All of these pressures create a temptation to reach for quick-fix solutions, or to focus only on what’s best for one country at the expense of others. Yet just as Eglantyne pushed back against the logic of the Allied blockade, today too the answer has to be more cooperation, not less, and more determination to work together to uphold Europe’s role as a force for good in the world.
We must stay focused on tackling the root causes of poverty, conflict and exclusion that are the driving forces of most of the troubles that beset our continent; investing in children, the next generation, must be a big part of the solution. That means working determinedly towards the Sustainable Development Goals and building a world where every last child, whether within or outside the EU's borders, can survive, learn and thrive. By investing in children we are investing in a more equal, stable and prosperous world: a world that would finally resemble the bold vision of that one courageous woman arrested in Trafalgar Square.
The EU should consider austerity's impact on children
Jana Hainsworth is Secretary General of Eurochild
The European Union claims to be a global champion of human rights. But when it comes to getting its own house in order it has some serious challenges.
Arguably it is the EU’s own macro-economic policies and surveillance tools that have at best endorsed, at worst encouraged, austerity across member states. In 2010 the EU introduced much tighter budgetary surveillance, in particular across the eurozone, setting strict limits on government deficits and public debt. This is reinforced through the European Semester process, the EU’s macro-economic coordination mechanism whose recommendations to member states have often been interpreted as a green light to cut public spending.
According to UNICEF, children have been disproportionately impacted by austerity. Spending on family benefits has shrunk across most EU countries since 2008. Studies by the OECD also show a worrying trend towards falling education expenditure. In more than two-thirds of OECD countries spending on primary to tertiary education as a proportion of government budgets fell between 2005 and 2014. Health, social security and local community budgets have all been affected, limiting governments’ ability to stem the rising tide of inequality.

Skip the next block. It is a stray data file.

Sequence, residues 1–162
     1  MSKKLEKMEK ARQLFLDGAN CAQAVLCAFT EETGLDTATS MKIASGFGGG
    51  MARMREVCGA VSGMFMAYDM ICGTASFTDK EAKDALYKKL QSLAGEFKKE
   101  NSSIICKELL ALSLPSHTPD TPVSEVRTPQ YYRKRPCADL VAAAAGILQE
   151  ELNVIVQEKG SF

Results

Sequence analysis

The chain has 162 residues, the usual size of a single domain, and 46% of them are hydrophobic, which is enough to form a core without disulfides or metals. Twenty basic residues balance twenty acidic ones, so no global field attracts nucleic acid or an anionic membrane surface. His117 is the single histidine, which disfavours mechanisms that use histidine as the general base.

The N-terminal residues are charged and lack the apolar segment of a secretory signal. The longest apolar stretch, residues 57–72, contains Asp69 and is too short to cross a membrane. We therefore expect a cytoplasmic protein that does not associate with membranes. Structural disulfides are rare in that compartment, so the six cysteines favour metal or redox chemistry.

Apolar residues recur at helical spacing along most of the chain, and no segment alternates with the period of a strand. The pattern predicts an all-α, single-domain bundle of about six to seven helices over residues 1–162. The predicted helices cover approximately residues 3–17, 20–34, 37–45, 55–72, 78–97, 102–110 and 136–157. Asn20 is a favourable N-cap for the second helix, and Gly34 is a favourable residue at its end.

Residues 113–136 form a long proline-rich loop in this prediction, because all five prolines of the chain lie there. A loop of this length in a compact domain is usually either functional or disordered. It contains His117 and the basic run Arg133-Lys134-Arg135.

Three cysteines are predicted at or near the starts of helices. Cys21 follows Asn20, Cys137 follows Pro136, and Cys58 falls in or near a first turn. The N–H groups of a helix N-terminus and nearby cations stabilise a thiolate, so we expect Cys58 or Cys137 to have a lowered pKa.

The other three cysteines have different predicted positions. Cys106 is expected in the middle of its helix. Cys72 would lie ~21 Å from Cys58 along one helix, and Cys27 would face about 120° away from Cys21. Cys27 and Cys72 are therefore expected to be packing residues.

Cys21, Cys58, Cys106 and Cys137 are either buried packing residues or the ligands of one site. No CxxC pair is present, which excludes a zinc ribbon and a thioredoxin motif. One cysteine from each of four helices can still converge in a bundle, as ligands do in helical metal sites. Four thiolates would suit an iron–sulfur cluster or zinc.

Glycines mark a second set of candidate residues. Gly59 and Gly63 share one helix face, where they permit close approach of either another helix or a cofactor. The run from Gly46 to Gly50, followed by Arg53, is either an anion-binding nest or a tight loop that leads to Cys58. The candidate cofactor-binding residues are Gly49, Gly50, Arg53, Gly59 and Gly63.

Across the EU today an estimated one in four children is growing up in poverty. The experience of poverty in childhood is particularly damaging, often affecting life-chances and being transmitted to the next generation. It is not just about a family’s reduced financial means: poverty limits participation in society and lessens a child’s chance of developing their full potential. We require strong political commitment from our national leaders to change that.
While some of the blame can be laid on over-zealous interventions from the EU institutions, another part of the EU has been fiercely defending social investment and efforts to tackle child poverty. In February 2013 the European Commission adopted its Recommendation on ‘Investing in children: Breaking the cycle of disadvantage’. This encourages member states to address child poverty and social exclusion by implementing multi-dimensional strategies, and to use the available EU structural funds for this purpose.
A recent assessment of its impact unsurprisingly reports that progress is modest and “insufficient compared to the scale of the problem”. This is perhaps due to the inherent contradictions between macro-economic and fiscal policies and the real investment needed to reverse growing inequalities and child poverty. Ultimately it is an issue of political prioritisation of children and their rights.
Two recent developments offer glimmers of hope. The first is, of course, the Sustainable Development Goals. In contrast to their predecessors (the Millennium Development Goals) these are universal. The EU should not lose the opportunity of aligning its post-2020 vision with these global commitments to a better world. The second is the European Pillar of Social Rights - a new initiative of the Juncker Commission. Whereas previous commissions have made attempts to strengthen Europe’s social dimension, this is the first time an initiative is championed by the President. If it works it will bring social outcomes, including efforts to reduce child poverty, to the front and centre of economic policy. In the future, EU member states should be judged not only by their fiscal discipline, but also by their social standards.
Time will tell if these initiatives turn the tide of rising inequality and entrenched child poverty in Europe. We firmly believe that the long-term prosperity and stability of Europe depends on it.
This article was first published in Europe's World print issue number 35. Read more on the issue and order your copy here.
IMAGE CREDIT: CC/Flickr - Lucélia Ribeiro